Debate on a NSW Greens motion calling on the federal parliament to legalise same-sex marriage has resumed in the NSW Legislative Council.
Liberal MLC Matthew Mason-Cox was the first to speak against the bill, telling the chamber that he believed that same-sex couples no longer suffered discrimination under the law, and that it was disgraceful to compare the ban on same-sex couples marrying with institutional homophobia.
Labor MLC Amanda Fazio was the next to speak, telling the chamber that, while she did not believe in the institution of marriage, she did support the right of same-sex couples to marry.
Labor MLC Lynda Voltz told the chamber that while Judeo-Christian religious arguments underpinned opposition to same-sex marriage, archaeology in the Middle East did not support the factuality of religious texts, and religion should not define the legal meaning of marriage in Australia.
Voltz finished by quoting Oscar Wilde – “Selfishness is not living as one wishes to live, it is asking others to live as one wishes to live.”
Liberal MLC Charlie Lynn spoke against the motion, saying he could not agree with the argument that the ban on same-sex couples marrying amounted to discrimination.
Liberal MLC Catherine Cusack has told the chamber that she will vote in favour of the motion and same-sex marriage and that governments should not intrude into people’s personal lives and that the rights heterosexual couples take for granted should be extended to all couples.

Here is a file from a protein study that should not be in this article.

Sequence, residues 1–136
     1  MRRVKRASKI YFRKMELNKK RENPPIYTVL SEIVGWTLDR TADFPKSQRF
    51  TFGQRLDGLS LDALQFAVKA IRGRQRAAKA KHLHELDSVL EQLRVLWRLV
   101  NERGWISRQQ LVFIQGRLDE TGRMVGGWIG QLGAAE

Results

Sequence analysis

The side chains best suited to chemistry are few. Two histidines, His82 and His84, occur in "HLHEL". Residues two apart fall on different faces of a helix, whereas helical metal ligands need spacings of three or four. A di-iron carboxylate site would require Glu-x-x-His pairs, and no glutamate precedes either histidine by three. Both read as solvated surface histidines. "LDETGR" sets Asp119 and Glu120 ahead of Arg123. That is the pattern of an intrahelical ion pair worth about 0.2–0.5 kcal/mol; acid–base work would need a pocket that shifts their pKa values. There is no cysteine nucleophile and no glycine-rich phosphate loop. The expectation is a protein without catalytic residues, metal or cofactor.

Greens MLC Jan Barham will support the motion. No surprises there.
Labor MLC Shaoquett Moselmane, the first Muslim member of the NSW Parliament, has told the chamber that he personally opposes same-sex marriage, but said he would consider abstaining on the motion as he believed the legal system should treat LGBTI people the same as everyone else.
Moselmane supports National MLC Trevor Khan’s amendment reassuring faith groups that they will not be required to marry couples against their beliefs.
Donnelley will move an amendment to the motion stating that marriage has historically been a union between a man and a woman for the purpose of raising children, and that the European Court of Human Rights has not found same-sex marriage to be a fundamental right.
Donnelley’s moving the motion means that any MLC who has already spoken may now speak again.
Nationals MLC Rick Colless has told the chamber that he cannot support the motion, not because he is homophobic but because of his Christian background and extended family.